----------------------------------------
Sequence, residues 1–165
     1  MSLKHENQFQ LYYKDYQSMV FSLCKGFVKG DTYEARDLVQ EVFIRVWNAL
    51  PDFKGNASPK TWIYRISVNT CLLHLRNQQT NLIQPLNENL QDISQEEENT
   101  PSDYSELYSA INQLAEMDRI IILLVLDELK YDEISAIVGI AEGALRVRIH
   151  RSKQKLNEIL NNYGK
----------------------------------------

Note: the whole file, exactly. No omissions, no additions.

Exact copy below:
Sequence, residues 1–165
     1  MSLKHENQFQ LYYKDYQSMV FSLCKGFVKG DTYEARDLVQ EVFIRVWNAL
    51  PDFKGNASPK TWIYRISVNT CLLHLRNQQT NLIQPLNENL QDISQEEENT
   101  PSDYSELYSA INQLAEMDRI IILLVLDELK YDEISAIVGI AEGALRVRIH
   151  RSKQKLNEIL NNYGK